Description
FIELD OF THE INVENTION

The present invention concerns a catalyst comprising a porous organic or inorganic support and at least one active phase comprising at least one acid selected from acids with formula R--SO3 H, where R is fluorine or an alkyl group or a fluorinated alkyl group (partially or completely fluorinated), R preferably being F or CF3, and more preferably CF3, and at least one weakly basic aprotic organic solvent. The invention also concerns the use of the catalyst for aliphatic alkylation, i.e., catalytic alkylation of isobutane and/or isopentane using at least one olefin containing 3 to 6 carbon atoms per molecule (i.e., a C3 -C6 olefin), to obtain paraffinic compounds with a high degree of branching and a high octane number.

BACKGROUND OF THE INVENTION

A large number of liquid or solid acid catalysts are known for use in carrying out the aliphatic alkylation of isoparffin(s) such as isobutane or isopentane using at least one olefin such as propylene, 1- and 2-butenes or isobutene. The catalysts which are most frequently used in the industry are liquid catalysts, namely concentrated sulphuric acid and hydrofluoric acid, used alone or mixed with Lewis acids such as boron trifluoride. These processes suffer considerable disadvantages: hydrofluoric acid because of its toxicity and high volatility; and sulphuric acid because of its high consumption of catalyst, necessitating costly reprocessing. For this reason, the use of solid catalyst or catalyst supported on solids such as aluminosilicates or metallic oxides, for example zirconia treated with sulphuric acid, has been recommended.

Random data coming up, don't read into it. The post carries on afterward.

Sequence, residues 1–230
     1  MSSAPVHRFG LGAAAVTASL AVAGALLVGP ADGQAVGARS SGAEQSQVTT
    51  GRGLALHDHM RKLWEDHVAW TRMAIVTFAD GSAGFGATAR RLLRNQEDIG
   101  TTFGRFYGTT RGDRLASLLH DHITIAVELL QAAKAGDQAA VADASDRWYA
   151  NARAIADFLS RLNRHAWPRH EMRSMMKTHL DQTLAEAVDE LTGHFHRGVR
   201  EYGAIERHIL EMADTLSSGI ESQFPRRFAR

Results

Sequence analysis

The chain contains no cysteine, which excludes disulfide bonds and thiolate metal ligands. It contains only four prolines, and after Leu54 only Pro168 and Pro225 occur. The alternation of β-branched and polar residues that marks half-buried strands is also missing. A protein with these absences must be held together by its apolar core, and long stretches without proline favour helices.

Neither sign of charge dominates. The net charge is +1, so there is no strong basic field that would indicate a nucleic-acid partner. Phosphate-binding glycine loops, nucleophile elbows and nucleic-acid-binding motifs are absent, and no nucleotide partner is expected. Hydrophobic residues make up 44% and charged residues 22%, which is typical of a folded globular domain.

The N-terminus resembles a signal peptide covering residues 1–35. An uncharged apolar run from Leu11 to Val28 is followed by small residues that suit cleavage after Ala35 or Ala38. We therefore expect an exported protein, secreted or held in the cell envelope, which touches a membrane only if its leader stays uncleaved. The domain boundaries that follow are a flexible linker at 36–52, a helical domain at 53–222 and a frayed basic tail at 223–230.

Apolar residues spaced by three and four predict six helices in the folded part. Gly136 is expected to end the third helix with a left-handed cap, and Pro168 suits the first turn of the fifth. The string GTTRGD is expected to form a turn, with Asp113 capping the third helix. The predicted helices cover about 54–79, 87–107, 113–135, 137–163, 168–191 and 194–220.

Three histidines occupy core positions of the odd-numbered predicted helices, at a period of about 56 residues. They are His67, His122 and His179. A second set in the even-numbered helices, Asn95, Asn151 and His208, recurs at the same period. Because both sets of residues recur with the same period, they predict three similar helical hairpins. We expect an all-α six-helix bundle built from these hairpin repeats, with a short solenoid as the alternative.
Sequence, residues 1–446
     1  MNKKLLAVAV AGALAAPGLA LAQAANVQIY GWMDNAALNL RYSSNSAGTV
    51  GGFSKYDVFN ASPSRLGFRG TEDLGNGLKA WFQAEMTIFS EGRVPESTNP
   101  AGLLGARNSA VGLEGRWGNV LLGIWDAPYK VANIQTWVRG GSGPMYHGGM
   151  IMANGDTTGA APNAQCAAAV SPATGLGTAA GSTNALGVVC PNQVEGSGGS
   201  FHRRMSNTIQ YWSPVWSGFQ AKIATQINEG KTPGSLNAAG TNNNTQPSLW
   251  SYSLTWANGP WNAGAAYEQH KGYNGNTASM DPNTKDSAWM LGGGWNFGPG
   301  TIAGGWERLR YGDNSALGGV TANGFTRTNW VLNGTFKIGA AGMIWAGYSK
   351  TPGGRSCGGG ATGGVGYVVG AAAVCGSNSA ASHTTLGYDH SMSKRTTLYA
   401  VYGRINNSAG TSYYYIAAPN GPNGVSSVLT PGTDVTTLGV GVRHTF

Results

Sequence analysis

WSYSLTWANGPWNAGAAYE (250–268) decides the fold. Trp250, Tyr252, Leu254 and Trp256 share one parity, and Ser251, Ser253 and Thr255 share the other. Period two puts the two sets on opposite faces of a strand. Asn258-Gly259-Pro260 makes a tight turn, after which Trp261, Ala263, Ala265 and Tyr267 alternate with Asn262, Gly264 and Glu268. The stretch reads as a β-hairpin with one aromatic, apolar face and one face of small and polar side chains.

In order to catalyse the alkylation of aromatic compounds by at least one olefin or the aliphatic alkylation of isobutane by at least one olefin or the oligomerisation or polymerisation of olefins, U.S. Pat. No. 3,795,712 describes catalytic compositions comprising a Lewis or Bronsted acid and a sulphone with formula R--SO2 --R', where R and R' are each and separately a monovalent radical comprising 1 to 8 carbon atoms per molecule, or together form a divalent radical containing 3 to 12 carbon atoms per molecule, optionally in an inert hydrocarbon solvent. The acid concentration is in the range 10-5 moles per litre of sulphone to 5 moles per litre of sulphone, i.e., in the range 0.00012% to 37% by weight of acid when the acid is trifluoromethanesulphonic acid and the sulphone is sulpholane.

International patent application PCT WO 93/00316 describes catalytic compositions for aliphatic alkylation comprising 10% to 90% by weight of hydrofluoric acid or sulphonic acid substituted with at least one halogen and 10% to 90% by weight of a solvent with a donor number of less than 40 in the absence of a deliberate addition of a metal halide. The long list of such solvents includes sulpholane (tetramethylene sulphone) and dimethylsulphoxide.

SUMMARY OF THE INVENTION